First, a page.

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@Green_Baron That's some great work, I'll see if I can pull your project.

I'm still not entirely convinced it's about culling in general just because of how tiny the scene size is, the gfx should be able to easily render 100k tris even with no culling at all at more than 80fps, but I will try to get it working and see if it helps. 

Thanks, I've enjoyed looking over all of your projects if nothing else. 😋

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Posted (edited)
On 5/17/2019 at 8:14 PM, VanillaSnake21 said:

I just want to conclude with something definitive, so everyone agrees that it's normal for the performance to drop 1300% when switching to wireframe mode? 

 

Edit: Also what are some solutions to this? If I want to overlay wireframe over the models, or if I want to use wireframe at any point in the renderings, is there some kind of custom solution that I have to write, a shader or something like that? Is there anything available already?

Have you considered this Single-pass Wireframe Rendering approach? It works by rendering filled triangles and calculates the outlines of the triangles in a fragment shader. The algorithm is pretty efficient however the major drawback is that it requires you to add an additional per-vertex attribute that stores the Barycentric coordinate of the vertex. This Barycentric coordinate would then be an input to your vertex shader where you pass it through to the fragment shader to get the interpolated point on the triangle. Using this point you can derive the distance from the edge of the triangle. If the point is near an edge of the triangle, you color the fragment black (or whatever color you want your outlines to be).

You should be able to find some tutorials for implementing this algorithm online.

Edited by bartman3000

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Posted (edited)

I had the same problem with slow wireframes once, and as @bartman3000 said, the solution was to do single pass wireframes in a shader. This is *much* faster than using wire-edge rendering, and it produces better looking (and more controllable) wireframes. You can also render wire-frames on top of solid triangles at the same performance as solid triangles, with fewer issues, compared to the old-school slow two-pass process where you render a solid pass and a wireframe pass.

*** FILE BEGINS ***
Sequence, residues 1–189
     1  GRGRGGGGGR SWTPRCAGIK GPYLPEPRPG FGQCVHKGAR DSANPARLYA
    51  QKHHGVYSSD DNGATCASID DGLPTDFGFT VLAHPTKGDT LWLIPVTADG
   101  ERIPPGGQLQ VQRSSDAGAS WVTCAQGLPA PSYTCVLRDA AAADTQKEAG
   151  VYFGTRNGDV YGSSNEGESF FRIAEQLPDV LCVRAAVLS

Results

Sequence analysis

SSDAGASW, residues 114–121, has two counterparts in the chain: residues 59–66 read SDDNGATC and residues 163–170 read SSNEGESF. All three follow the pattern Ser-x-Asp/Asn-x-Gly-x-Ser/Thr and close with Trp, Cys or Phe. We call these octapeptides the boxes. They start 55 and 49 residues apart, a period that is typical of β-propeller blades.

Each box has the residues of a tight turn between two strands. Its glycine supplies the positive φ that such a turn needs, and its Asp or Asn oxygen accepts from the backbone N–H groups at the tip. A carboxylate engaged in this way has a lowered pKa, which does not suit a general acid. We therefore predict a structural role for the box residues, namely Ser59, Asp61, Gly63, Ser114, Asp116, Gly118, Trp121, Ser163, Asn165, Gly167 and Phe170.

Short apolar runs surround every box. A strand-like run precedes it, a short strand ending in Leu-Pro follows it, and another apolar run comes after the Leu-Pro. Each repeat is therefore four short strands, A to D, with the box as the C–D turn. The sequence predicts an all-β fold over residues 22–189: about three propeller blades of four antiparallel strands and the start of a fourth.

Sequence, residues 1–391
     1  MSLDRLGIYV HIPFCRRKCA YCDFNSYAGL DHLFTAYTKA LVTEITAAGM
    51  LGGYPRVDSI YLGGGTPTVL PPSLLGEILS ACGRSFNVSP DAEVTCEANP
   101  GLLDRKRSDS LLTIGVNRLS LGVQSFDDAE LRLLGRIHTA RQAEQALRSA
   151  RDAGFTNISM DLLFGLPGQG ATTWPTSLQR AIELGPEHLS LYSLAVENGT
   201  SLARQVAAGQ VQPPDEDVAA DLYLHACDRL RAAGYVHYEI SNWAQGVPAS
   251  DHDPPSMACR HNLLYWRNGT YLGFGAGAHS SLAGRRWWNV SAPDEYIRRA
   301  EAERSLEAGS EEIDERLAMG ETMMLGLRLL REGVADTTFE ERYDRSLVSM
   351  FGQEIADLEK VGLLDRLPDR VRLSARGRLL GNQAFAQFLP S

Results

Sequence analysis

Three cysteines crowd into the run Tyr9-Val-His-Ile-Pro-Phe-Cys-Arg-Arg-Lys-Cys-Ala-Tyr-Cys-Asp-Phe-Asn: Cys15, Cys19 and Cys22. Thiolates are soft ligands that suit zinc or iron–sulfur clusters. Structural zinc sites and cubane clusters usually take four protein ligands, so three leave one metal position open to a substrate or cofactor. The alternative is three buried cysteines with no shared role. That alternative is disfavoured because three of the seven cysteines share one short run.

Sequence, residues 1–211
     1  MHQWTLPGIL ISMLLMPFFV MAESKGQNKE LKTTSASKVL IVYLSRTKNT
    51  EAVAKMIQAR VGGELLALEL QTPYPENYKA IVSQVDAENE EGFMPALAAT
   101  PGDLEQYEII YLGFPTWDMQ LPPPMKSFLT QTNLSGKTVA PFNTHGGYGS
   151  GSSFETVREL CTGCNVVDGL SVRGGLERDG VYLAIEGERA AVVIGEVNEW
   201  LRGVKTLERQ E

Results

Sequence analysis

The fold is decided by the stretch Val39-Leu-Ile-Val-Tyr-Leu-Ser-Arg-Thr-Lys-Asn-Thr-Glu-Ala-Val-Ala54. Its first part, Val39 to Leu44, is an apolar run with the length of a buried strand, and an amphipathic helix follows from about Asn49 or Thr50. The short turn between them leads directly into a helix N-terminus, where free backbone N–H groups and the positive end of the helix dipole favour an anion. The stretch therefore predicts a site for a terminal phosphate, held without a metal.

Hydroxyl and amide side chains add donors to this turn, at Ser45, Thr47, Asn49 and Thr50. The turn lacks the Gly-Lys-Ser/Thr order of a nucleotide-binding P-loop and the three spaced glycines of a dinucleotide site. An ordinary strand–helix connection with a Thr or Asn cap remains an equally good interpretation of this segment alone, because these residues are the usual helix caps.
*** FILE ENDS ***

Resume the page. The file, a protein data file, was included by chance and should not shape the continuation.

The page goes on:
The extra per-vertex attribute can be computed in a geometry shader. 

http://strattonbrazil.blogspot.com/2011/09/single-pass-wireframe-rendering_10.html

http://strattonbrazil.blogspot.com/2011/09/single-pass-wireframe-rendering_11.html

https://github.com/mattdesl/webgl-wireframes

https://www.codeproject.com/Articles/798054/WebControls/WebControls/?fid=1864339&df=90&mpp=25&prof=True&sort=Position&view=Normal&spc=Relaxed&fr=6

https://github.com/jeske/SimpleScene/tree/master/Assets/Shaders

Edited by jeskeca

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Not sure if i missed it did anyone profile the GPU side? Do a capture of the data?

Its possible line rendering turns a triangle into 6 triangles, so you could end up transforming 6x the verts even though you render fewer pixels.

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I'm pretty sure graphics APIs these days still draw lines as billboarded polygons. Hence drawing a triangle effectively triples the primitive output while cutting down the fillrate. If you're not fillrate-limited, you're going to run into the sheer overhead of processing all these additional primitives. Moreover, culling and optimizations like early Z testing are a lot less effective for objects drawn in wireframe, further increasing the polygon count when two or more surfaces oriented in the same general direction are visible.

 

On 5/18/2019 at 1:14 AM, VanillaSnake21 said:

Yes, but shouldn't the gfx card be able to handle millions of tris/second? My scene has 100,000 at max, and even then they're never drawn all at once.

Millions of tris per second versus 100k tris per frame. That's potentially two or three orders of magnitude of difference. Look at your framerate.

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The screen shot you gave told me that when you enable wireframe mode, no depth rejection anymore. Those lines behind primitive now will output to final buffer. which implicit every triangles in view will go though whole pipeline. That's why your frame rate drop.